August 6, 2014 10:22 pm
we found this bug about two month ago in the house and it seems s.th wrong with bites of that and actually the house is full of them now!
the first photo is Oviposition
the second one is the bug himself!
i’ll send alergy effect of my body to the bite of this bug as 3rd photo
,plz help me..;-)
Though we sympathize with your situation, we are grateful that you have provided us with such comprehensive documentation of Bed Bugs, evidence associated with them and the effects of their numerous, nocturnal bites. The image that you have called “oviposition” is actually bedding that frequently provides the initial evidence that Bed Bugs are present. According to BedBugs.net, signs of a Bed Bug infestation include: “Bed Bug Fecal Matter (looks like blood and often found as smears on sheets or linen)
… Blood Stains on Sheets From Bites, Bed Bug Bites,” and your images indicate you have all the signs of a major infestation. We don’t know how good your extermination services are in Iran, but in North America where Bed Bug populations are on the rise, there is considerable publicity regarding the problem. On a positive note, Bed Bugs are not considered to be vectors for diseases, but we are sure that you are aware that the nocturnal bites are more than a mere annoyance.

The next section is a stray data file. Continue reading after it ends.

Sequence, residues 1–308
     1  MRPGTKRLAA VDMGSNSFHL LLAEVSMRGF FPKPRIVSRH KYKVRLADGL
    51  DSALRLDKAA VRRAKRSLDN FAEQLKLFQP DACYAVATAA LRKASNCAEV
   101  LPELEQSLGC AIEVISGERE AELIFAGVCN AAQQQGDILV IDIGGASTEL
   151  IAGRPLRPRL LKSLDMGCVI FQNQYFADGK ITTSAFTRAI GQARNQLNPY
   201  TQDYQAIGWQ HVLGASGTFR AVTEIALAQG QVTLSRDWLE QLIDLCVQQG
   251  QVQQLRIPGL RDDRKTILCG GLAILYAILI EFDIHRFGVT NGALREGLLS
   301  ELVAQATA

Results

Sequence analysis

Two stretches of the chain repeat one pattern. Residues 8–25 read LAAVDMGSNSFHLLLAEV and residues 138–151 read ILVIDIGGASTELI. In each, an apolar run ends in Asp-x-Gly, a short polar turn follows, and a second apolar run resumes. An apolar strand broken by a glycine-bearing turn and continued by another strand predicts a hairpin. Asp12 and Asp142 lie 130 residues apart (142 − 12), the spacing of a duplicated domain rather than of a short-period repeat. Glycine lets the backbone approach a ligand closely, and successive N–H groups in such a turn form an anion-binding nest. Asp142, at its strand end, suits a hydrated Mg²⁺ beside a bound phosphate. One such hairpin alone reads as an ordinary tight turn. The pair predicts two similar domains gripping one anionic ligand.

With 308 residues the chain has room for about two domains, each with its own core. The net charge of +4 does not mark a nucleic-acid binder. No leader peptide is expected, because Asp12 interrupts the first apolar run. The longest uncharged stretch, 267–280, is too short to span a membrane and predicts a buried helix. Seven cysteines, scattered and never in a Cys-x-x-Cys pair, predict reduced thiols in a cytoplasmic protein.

According to the University of Kentucky Entomology site: “Bed bugs are active mainly at night. During the daytime, they prefer to hide close to where people sleep. Their flattened bodies enable them to fit into tiny crevices–especially those associated with mattresses, box springs, bed frames and headboards. Bed bugs do not have nests like ants or bees, but do tend to congregate in habitual hiding places. Characteristically, these areas are marked by dark spotting and staining, which is the dried excrement of the bugs. Also present will be hatched and un-hatched eggs, the tannish shed skins of maturing nymphs, and the bugs themselves. Another possible sign are rusty or reddish smears on bed sheets or mattresses from crushed engorged bed bugs. Although it’s often stated that bed bugs have a telltale ‘buggy’ odor, the smell is seldom evident except in extreme infestations and should not be relied upon for detection.” The University of Kentucky Entomology site also states: “A common concern with bed bugs is whether or not they transmit diseases. Although bed bugs can harbor various pathogens, transmission to humans has not been proven and is considered unlikely. Their medical significance is most commonly attributed to itching and inflammation from their bites. Antihistamines and corticosteroids may be prescribed to reduce allergic reactions, and antiseptic or antibiotic ointments to prevent infection. Though not known to carry diseases, bed bugs can substantially reduce quality of life by causing discomfort, sleeplessness, anxiety, and embarrassment. According to some health experts, the added stress from living with bed bugs can have a significant impact on the emotional health and well-being of certain individuals.” Finally, the site states: “Bed bugs are challenging to eradicate. Since they can hide in so many places, inspections must be thorough and elimination is not always a certainty. Whenever resources allow, it’s prudent to enlist the services of a professional. Experienced pest controllers know where to look for bed bugs, and have an assortment of tools at their disposal. Nonetheless, owners and occupants can assist the professional in several important ways. Affording access to all living areas is crucial, and excess clutter will need to be removed. Belongings strewn about rooms offer many places for the bugs to hide, and impede inspection and treatment. Since bed bugs can disperse throughout a building, it often will be necessary to inspect adjoining rooms and apartments as well.” Now that you know what you have, you can do additional research and determine the best means for controlling the situation. Good luck.